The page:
Zen (Chan)

The meditation (dhyana) school originating in China that emphasizes "mind-to-mind transmission"
  • The Wanderer Paid Member

    AFTER I RESIGNED from my post as an abbot in Taiwan, Dr. C. T. Shen [a cofounder of the Buddhist Association of the United States] brought me back to New York to spread the dharma there. My return to the United States did not restore me to my former position of strength, however. There was no room for me to live at the Temple of Great Enlightenment, which was occupied by nuns. I stayed at Shen’s villa, named Bodhi House, on Long Island and traveled back and forth to the city. But I wanted to move out because I was too far away from my students. Shen told me, “If you move out, I can no longer take good care of you.”“That’s okay,” I said. “I will wander.” More »
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    Genesis Run Paid Member

    IT HAD BEEN a long dry spell for Dallas, even for the summer. Little in the way of significant rainfall had happened since early June, and the ground was cracked and dry, the lakes and creeks fading. Until about a couple of weeks ago, that is, when storm clouds quietly moved into the sky with little of the drama that often accompanied past rains in this part of the country. The air filled slowly with grayness. After brooding silently for a while, like old actors preparing to perform on a longvacant stage, the clouds finally stepped forward and cleared their throats with a few barely perceptible gurgles, and it began to rain. And rain. More »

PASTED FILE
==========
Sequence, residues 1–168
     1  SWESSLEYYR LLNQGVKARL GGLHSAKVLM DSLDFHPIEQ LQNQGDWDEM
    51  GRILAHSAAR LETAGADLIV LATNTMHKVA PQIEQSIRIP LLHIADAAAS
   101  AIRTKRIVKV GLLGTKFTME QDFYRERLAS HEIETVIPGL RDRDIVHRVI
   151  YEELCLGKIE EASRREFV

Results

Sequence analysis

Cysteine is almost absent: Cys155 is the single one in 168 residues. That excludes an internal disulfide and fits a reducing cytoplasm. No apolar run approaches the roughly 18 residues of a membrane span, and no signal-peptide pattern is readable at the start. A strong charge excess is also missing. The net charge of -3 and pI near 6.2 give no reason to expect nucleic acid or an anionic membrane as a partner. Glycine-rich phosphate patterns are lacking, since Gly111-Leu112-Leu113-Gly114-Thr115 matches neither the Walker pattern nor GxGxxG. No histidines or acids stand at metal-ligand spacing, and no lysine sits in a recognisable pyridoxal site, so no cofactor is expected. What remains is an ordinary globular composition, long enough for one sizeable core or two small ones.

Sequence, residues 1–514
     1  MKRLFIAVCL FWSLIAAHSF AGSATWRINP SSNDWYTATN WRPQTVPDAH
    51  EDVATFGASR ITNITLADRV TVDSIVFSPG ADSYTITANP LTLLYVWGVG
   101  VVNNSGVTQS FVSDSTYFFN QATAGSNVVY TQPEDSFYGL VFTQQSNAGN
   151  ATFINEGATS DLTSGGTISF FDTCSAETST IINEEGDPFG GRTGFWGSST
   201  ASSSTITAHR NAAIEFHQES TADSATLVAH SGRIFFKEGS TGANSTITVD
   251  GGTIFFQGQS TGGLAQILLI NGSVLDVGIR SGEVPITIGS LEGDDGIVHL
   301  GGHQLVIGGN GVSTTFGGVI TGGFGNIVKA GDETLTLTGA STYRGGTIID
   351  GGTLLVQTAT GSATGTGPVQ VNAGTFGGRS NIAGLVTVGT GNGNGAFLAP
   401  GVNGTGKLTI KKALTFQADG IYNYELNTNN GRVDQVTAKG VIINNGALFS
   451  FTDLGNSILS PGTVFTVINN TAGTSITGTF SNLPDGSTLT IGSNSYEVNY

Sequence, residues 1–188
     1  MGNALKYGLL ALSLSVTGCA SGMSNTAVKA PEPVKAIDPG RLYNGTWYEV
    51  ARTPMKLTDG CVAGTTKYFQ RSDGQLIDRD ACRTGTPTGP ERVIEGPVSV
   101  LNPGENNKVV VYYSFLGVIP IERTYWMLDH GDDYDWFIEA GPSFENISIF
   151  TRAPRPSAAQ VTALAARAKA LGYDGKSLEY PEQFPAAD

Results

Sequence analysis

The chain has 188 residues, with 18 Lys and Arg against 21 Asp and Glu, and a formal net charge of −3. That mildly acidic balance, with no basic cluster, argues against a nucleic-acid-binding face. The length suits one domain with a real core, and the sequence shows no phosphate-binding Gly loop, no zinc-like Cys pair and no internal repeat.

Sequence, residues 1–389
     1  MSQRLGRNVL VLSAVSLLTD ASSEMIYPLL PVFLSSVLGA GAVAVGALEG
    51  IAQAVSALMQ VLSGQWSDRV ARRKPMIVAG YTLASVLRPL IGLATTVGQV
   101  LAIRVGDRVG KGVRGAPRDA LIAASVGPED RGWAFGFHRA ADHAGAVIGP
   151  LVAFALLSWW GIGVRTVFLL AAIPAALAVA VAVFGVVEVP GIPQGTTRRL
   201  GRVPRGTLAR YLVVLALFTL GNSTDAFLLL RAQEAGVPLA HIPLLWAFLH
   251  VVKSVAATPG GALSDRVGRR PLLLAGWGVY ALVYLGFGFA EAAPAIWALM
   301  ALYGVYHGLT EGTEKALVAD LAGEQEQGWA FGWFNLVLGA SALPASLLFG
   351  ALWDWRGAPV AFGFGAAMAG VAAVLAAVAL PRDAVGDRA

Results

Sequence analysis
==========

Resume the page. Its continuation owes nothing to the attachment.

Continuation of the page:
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    Zen Shorts Paid Member

    ZEN AND PSYCHOLOGY Many Zen Students and even a few teachers think Zen is a kind of psychology. This is a little like thinking that persimmons are a type of banana. The Zen master is more like a flea than he or she is like a psychologist. More like a cool breeze. More like a mountain peak. I am not exaggerating or being fanciful.THERAPY More »
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    Peace on the Street Paid Member

    Photographs by Darrin Harris Frisby More »
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    Not Found, Not Lost Paid Member

    Artwork by CHACO TERADA More »
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    What is This? Paid Member

    . IN sixth-century China, the Buddhist schools were quite scholastic and focused on the scriptures. To move away from this academic direction and toward the Buddha’s original teaching of practicing meditation and realizing awakening in this very life, the Zen school developed its koan practice, in which stories of monks’ awakenings became a starting point for meditative inquiry. By asking and focusing on a single question as a meditative method, Zen practitioners aimed to develop a rich experiential wisdom.In the Korean Zen tradition, one generally meditates on the koan What is this? This question derives from an encounter between the Sixth Patriarch, Huineng (638–713 C.E.), and a young monk, Huaijang, who became one of his foremost disciples: More »